Marketers are expanding their use of social analytics tools to support real-time marketing initiatives, including content marketing, changing advertising on the fly and linking to trending topics.
The automobile is emerging as the “fifth screen” in consumer life, a largely undefined digital opportunity that will soon reach a majority of new vehicles in the US.
As personal care brands for men extend their product lines, male shoppers can be overwhelmed with choice and reluctant to ask questions about how to use particular products. Brands are stepping up digital efforts to educate, engage and ultimately convince men to buy.
Internet users are highly influenced by what other customers have to say about a service or product, and displaying the feedback can lend credibility to a merchant. Yet with more evidence of reviews that are fake or solicited unethically, consumers have begun questioning their validity.
The internet radio industry is in the early stages of development and despite steady growth, faces daunting business challenges. Nevertheless, marketers are jumping into the space with a passion that echoes the music that streams from broadcast services.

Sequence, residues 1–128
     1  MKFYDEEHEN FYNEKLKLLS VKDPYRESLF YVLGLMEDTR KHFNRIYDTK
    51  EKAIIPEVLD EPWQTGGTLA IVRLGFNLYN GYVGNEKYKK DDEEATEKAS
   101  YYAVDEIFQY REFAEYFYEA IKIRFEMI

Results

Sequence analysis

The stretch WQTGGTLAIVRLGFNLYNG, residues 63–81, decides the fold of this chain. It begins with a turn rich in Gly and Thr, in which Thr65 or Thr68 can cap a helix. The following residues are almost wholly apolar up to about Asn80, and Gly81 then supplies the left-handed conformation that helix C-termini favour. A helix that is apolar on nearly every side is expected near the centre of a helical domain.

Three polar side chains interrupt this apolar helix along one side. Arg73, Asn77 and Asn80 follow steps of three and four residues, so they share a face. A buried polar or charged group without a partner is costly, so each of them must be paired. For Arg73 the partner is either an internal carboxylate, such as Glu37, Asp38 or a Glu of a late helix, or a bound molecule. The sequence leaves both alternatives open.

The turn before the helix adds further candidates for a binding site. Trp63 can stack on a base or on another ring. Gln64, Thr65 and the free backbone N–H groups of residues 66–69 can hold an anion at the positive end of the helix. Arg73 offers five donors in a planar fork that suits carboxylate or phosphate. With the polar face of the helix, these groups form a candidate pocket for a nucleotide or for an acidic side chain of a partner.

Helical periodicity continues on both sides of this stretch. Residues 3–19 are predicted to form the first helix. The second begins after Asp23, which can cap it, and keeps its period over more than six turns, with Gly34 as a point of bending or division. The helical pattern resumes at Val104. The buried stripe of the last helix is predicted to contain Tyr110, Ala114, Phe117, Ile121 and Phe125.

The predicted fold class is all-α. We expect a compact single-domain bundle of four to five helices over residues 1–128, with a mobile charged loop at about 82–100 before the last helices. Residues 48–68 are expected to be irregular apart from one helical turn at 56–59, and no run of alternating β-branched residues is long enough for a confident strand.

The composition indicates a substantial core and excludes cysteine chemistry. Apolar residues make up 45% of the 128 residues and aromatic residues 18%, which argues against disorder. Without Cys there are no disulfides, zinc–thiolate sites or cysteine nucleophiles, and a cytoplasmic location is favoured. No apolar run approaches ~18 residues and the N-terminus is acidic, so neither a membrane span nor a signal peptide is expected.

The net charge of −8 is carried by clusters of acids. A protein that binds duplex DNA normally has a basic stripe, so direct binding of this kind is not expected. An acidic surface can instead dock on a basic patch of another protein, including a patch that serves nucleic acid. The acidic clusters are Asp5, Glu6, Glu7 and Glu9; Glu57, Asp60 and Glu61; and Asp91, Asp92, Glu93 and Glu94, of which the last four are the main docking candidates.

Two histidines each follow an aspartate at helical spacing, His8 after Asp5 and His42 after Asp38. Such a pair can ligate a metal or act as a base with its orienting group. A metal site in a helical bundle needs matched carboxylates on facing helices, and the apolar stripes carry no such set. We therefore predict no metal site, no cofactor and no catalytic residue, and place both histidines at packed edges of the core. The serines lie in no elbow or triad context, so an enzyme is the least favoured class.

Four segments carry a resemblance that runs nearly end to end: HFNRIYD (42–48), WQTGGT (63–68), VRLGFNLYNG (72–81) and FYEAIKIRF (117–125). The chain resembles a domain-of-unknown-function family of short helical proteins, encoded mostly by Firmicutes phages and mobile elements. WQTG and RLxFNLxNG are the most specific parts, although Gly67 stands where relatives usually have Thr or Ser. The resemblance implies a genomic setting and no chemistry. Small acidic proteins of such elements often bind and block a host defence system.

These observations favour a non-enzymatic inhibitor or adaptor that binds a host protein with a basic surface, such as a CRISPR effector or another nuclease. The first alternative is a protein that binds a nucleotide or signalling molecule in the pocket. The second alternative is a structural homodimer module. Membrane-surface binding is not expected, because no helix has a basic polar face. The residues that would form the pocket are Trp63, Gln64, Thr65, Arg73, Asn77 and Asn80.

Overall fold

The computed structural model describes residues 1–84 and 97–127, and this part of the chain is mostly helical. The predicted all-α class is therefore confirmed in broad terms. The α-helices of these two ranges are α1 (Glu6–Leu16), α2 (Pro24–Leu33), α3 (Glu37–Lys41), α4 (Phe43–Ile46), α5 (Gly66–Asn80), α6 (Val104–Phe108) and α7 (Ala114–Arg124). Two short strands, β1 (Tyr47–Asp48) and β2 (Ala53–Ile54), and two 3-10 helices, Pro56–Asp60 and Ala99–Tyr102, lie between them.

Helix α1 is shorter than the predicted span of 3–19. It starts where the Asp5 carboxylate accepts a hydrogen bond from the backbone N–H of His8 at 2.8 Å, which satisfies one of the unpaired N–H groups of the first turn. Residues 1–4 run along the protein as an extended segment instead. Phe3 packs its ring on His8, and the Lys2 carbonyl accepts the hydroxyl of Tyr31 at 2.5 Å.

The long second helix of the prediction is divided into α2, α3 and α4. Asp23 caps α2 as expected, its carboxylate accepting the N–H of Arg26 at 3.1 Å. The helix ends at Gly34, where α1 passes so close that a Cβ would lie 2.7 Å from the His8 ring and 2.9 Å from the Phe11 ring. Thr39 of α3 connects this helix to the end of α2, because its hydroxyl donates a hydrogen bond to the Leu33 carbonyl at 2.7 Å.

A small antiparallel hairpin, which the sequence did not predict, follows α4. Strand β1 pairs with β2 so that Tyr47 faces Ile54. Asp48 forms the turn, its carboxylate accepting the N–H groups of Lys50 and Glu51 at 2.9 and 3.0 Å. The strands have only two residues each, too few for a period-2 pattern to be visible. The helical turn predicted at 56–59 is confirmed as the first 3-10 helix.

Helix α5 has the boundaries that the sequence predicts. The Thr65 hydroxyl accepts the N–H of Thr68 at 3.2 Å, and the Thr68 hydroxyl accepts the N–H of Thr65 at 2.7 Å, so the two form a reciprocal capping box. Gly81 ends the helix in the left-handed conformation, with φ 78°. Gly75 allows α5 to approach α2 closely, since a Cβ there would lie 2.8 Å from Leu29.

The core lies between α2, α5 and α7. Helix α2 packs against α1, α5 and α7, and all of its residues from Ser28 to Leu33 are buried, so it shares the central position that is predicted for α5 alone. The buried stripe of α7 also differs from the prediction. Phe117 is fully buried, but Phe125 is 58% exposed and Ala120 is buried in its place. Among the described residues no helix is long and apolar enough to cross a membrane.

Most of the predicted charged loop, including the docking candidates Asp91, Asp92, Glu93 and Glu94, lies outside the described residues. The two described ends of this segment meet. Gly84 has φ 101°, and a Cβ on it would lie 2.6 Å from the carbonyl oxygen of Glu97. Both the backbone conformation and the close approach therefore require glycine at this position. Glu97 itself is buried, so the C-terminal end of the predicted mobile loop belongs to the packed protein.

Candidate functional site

Russia now has the largest online population in Europe, although by European standards internet penetration remains low. Growth will come as investment brings web access to more of the country.
More than 60% of online shopping carts are abandoned by consumers on the grounds that they were not yet ready to buy. This report investigates the implications of cart abandonment and some emerging strategies for increasing sales based on shopping patterns.
“Worldwide Ad Spending Forecast: Emerging Markets, Mobile Provide Opportunities for Growth” is one example of global-focused coverage published recently by eMarketer. Also highlighted in this edition of Global Top Picks is the report “UK Mobile Advertising: Device Adoption Drives a Spending Boom” and an interview with Visa’s CMO for core products, who discusses the credit card company’s strategy for big international events like the Olympics.
Google’s aggressive moves in the travel business will have wide-reaching implications for travel marketers. But the timing and extent of their effects remain to be seen.
Proximity payments made by mobile phone have been at low levels in the UK, but four significant mobile wallet launches in 2013 should provide a blueprint for growth there and in other European markets.